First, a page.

Mark Zuckerberg, founder of Facebook, speaks on the stage at the Mobile World Congress in Barcelona, Spain, February 21, 2016. Reuters/Albert Gea

A “social glossary” for Facebook? A new patent from the social networking giant seems to indicate that Facebook is developing a software idea that would scan its website for internet slang.

The newly patented software would enable the social network to look for frequently used slang terms and group them into a “social glossary.” The patent application was granted in February, reports Business Insider.

The patent is for a software that will help Facebook scrutinise posts and comments with abbreviated terms commonly used by younger users on social media, including those not part of the English Dictionary and which fall under neologisms.

Some widely used popular internet slangs include LOL (laugh out loud) and OMG (oh my god), but these have expanded to 'OH' (Overhead) and 'YAASSSSSS'. With the help of its software, Facebook would be able to detect repeated occurrences of these terms and make a glossary out of it.

According to the patent, Facebook will look for slang, abbreviations, acronyms, names, nicknames and other types of coined words and phrases. The system will identify terms, make sure that they are not associated with a known meaning or correspond to a definition and then add them to the “social glossary.”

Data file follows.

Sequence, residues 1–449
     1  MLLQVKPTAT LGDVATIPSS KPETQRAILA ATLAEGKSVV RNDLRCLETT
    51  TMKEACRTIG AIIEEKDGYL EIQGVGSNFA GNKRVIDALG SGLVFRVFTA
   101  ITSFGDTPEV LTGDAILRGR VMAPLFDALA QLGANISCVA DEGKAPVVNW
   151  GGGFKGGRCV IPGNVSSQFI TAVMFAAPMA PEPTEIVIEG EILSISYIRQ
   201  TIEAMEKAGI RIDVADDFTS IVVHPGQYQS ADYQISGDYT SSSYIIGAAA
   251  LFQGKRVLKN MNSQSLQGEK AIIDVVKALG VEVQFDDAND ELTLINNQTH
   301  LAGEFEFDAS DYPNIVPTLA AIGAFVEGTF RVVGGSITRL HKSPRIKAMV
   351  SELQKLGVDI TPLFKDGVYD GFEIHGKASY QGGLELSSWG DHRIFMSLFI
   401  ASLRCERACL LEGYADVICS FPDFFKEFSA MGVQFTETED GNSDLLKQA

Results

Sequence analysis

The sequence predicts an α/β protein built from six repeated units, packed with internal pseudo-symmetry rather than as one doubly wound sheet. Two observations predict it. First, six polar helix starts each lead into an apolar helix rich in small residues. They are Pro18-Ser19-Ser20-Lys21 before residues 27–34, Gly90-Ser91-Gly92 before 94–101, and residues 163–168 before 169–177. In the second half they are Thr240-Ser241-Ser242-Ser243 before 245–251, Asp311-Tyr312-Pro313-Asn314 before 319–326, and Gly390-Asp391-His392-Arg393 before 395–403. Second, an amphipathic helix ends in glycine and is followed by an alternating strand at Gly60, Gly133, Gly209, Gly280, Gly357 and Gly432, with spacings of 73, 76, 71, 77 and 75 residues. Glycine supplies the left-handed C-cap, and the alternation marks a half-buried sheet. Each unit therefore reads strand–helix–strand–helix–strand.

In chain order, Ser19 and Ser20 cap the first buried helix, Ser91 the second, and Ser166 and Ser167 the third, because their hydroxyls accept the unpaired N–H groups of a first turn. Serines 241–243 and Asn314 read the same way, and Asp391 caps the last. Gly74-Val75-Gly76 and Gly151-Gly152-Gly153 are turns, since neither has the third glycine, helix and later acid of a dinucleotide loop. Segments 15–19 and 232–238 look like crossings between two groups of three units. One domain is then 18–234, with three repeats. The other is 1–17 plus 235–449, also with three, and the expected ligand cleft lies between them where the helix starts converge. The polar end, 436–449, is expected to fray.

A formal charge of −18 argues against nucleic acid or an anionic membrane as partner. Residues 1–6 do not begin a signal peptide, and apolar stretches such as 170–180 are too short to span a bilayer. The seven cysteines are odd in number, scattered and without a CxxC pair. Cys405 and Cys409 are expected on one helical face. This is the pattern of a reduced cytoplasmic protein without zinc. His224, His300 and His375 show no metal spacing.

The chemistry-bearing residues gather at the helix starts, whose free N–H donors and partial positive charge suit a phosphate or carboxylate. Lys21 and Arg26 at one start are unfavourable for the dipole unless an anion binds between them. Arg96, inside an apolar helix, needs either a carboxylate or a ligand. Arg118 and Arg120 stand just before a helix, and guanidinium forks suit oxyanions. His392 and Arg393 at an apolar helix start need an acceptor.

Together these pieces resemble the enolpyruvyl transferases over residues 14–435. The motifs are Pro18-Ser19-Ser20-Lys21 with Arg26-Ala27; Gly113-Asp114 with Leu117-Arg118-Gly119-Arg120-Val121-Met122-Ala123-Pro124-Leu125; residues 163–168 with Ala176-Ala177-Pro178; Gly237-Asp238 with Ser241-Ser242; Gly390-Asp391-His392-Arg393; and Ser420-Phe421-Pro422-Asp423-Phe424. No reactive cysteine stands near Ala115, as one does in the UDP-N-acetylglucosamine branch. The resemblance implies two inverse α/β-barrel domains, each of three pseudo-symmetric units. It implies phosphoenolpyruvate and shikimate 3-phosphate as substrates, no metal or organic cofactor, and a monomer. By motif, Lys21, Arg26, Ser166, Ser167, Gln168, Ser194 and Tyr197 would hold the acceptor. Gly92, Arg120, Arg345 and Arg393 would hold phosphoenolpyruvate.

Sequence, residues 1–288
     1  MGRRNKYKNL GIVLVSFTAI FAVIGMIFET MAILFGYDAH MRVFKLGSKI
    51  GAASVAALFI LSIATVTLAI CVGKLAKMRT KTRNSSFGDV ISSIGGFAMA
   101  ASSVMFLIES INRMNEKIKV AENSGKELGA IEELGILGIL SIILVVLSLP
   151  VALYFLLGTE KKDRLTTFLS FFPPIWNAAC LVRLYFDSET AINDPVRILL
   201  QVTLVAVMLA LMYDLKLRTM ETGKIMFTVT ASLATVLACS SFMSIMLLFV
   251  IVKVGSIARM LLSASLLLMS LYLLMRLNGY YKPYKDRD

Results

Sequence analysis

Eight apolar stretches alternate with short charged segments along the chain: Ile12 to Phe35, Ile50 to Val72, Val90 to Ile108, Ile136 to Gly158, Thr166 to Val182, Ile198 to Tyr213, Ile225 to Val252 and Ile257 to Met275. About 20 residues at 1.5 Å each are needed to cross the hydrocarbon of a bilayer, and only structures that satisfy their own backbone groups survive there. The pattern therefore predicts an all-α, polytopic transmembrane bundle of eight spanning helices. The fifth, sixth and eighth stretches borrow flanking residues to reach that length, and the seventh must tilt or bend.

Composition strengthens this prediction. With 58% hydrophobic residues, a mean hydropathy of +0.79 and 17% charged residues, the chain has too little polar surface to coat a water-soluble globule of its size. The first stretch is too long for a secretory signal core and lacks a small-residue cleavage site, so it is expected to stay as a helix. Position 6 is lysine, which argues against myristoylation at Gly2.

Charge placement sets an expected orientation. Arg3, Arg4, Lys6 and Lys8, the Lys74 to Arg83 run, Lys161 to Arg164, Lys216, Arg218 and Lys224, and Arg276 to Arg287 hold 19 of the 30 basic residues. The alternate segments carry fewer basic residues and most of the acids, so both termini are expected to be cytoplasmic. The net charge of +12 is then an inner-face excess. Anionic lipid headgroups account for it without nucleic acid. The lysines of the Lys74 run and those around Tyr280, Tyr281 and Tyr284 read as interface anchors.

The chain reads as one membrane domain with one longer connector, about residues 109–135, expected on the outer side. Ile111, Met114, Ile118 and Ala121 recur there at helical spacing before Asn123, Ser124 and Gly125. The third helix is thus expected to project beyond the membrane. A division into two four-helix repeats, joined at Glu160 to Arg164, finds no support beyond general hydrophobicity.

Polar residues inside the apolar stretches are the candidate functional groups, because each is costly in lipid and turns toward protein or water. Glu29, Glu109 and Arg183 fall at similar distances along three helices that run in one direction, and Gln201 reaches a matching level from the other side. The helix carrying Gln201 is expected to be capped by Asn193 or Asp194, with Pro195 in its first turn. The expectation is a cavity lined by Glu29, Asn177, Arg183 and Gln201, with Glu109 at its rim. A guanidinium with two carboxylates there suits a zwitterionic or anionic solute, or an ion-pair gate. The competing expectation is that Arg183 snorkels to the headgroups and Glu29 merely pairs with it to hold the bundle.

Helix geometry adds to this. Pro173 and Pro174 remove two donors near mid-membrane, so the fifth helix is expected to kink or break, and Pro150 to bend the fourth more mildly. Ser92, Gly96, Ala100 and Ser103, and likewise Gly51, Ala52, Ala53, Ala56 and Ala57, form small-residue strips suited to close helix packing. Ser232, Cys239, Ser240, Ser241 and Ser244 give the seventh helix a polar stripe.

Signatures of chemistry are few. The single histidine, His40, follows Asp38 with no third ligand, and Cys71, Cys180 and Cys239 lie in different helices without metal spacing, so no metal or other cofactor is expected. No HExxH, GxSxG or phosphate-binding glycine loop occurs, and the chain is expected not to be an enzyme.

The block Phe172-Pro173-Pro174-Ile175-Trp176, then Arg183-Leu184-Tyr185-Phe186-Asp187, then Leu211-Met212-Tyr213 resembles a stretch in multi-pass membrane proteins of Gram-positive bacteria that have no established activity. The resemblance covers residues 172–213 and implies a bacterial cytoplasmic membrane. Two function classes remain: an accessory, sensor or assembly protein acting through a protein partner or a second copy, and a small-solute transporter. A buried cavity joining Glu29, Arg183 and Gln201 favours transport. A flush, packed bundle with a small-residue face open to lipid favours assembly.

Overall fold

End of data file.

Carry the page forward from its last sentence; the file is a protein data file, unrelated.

Words losing out on popularity will automatically be removed.

There may also be an interface allowing users to add, remove and even edit words and phrases in the glossary. For the time being, however, the software is still just a concept and there is no confirmation yet that Facebook will actually implement the system.

The patent filing also does not clarify what the company would achieve by compiling these terms and phrases, although us older people may find it useful when we chance upon a word like 'ceebs' or 'bae' and don't really trust Urban Dictionary.

In related news, an Indian security researcher named Anand Prakash has identified a major flaw in Facebook's account security. After fixing the bug, Facebook awarded him $15,000 for reporting the issue.

According to The Verge, since the inception of the bug bounty program in 2011, the social networking giant has paid more than $4.3 million to over 800 researchers.